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Tell HN: Cookie-based security alerts are a dark pattern
14 points by torstenvl 9 days ago | hide | past | favorite | 12 comments
In the wake of measures like the GDPR, it seems like websites are increasingly making it as arduous as possible not to let them keep long-term cookies on your computer. One particularly insidious dark pattern is to bombard people with notifications and e-mails on every sign-on unless they allow persistent cookies.

Twitter is a particularly egregious offender. Amazon slightly less so.

If you do this, stop it. It teaches people to ignore legitimate security alerts. A user clearing their cookies is not a security threat.

Is this an explicit dark pattern, or just simplistic interpretation or misinterpretation of the allowed use of cookies? If you have a mandate to not allow any cookies or state to be kept client side, how will the site know to show or not the cookie approval notification? Twitter and Amazon should know better though. I've never seen persistent cookie notifications after logging in, which makes sense since the state of the cookie notification can be stored in the session data for having logged in.

I don't think I implied there should be a mandate not to use cookies. I simply don't think users should be harassed with fake security alerts for clearing them.

It's inaccurate to assume that clearing cookies on exit means that users need an email or notification along the lines of "Security Alert! An unrecognized device tried to access your account!"

All major browsers allow you to clear cookies. Advanced users are more likely to clear cookies on a regular basis. Twitter almost certainly knows this. In light of that, their behavior seems designed to induce people to allow Twitter cookies to persist rather than merely "Allow for session"

Also, wow you're in luck, queue the busses and fire hydrants because it's captcha week!

Sorry, I should have said "if one has a mandate…", I meant the "royal you".

The mandate I'm referring to is GDPR and CCPA, where a quick read might lead one to think that no cookies can be used and that every possible way that someone might think they are being tracked has to be acknowledged, so the websites err on the side of over notification.

This is just as much legislators not understanding anything about technology and technologists trying to both the minimum required and meet the letter of the law. It's not a good situation.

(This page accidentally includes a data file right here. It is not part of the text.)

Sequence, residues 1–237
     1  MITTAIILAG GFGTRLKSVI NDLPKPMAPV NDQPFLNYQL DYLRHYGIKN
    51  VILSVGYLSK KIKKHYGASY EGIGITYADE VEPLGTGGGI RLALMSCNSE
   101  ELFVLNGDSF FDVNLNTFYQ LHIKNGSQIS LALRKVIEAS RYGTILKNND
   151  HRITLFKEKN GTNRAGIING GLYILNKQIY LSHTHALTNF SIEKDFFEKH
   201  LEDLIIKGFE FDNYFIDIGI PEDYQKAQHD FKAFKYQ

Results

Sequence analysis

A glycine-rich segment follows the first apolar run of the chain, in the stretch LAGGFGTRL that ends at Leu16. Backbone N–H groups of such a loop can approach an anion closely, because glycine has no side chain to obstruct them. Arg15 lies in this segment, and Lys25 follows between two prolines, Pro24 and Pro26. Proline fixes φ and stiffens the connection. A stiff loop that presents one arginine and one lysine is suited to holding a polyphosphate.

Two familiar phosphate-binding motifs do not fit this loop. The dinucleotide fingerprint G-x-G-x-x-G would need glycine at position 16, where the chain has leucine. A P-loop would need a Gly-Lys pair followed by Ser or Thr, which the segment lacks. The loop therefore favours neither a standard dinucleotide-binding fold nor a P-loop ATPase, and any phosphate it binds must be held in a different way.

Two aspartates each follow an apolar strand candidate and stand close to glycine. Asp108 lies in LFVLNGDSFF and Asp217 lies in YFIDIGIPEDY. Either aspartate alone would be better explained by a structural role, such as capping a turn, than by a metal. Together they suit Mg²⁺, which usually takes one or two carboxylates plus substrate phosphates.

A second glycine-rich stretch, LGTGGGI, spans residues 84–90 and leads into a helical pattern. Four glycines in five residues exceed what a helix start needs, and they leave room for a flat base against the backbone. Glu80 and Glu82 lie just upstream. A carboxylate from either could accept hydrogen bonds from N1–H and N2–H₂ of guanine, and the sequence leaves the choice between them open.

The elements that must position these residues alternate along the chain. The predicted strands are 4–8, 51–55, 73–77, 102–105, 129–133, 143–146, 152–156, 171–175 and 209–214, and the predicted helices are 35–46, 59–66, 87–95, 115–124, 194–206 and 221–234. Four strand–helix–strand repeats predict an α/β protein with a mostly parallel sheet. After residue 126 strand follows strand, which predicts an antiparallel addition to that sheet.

This post isn't about GDPR cookie popups. It's about security notifications.

What I hate the most is forced 2fa. Even if you disable 2fa, "ooops you logged in from a slightly different IP address. go check your email, sucker ;)"

2FA is a good idea. But it makes makes me nearly lose it when a phone number is required and they refuse to accept VOIP numbers.

Looking at you, Doordash, Discord, Twitter, etc

2fa is a good idea. Still, I think it should be my choice whether I use it or not. If I want to have an account that I can always log in just with my user and password, that should be possible.

I'd be happier with 2FA everywhere if it wasn't always tied to a mobile phone, whether it's app based or SMS. I don't want too much of my life dependent on a mid-line device manufactured by the Umidigi corporation. If it decides to go spicy-pillow tomorrow, or I just decide I want a new shiny device, I know it's going to be a full day of dancing around with IT support at work to get the work-related 2FA reset alone. SMS-based 2FA might be better from that UX perspective but it's vulnerable and basically seems like a vector for everyone to have an excuse to demand your mobile number which they totally won't use for marketing reasons later.

If the account security is important enough, you can afford to buy me a Yubikey.

I also feel like there's opportunities to rethink account management in general. There are a lot of accounts where you access them so erratically that there's good odds you'll hit "password expired, must reset now" or "this was set up back when I was on a different device and the 2FA didn't carry over." I'd love to see more sites using the "we'll send you a one-time login link" pattern. This leverages the security of the email account, which is more likely to be kept fresh because you actually use it. Carried to its logical conclusion, you could have accounts with no password on file, which reduces the value of the database for credential-reuse attacks.

Facebook too, it’s how I lost my 12-yo Facebook account due to VoIP phone number.

Still no available recourse to get it back.

The best user tracking method is a real phone number.

I suspect there might be a malicious reason for that: to dissuade you from using private browsing or clearing cookies.

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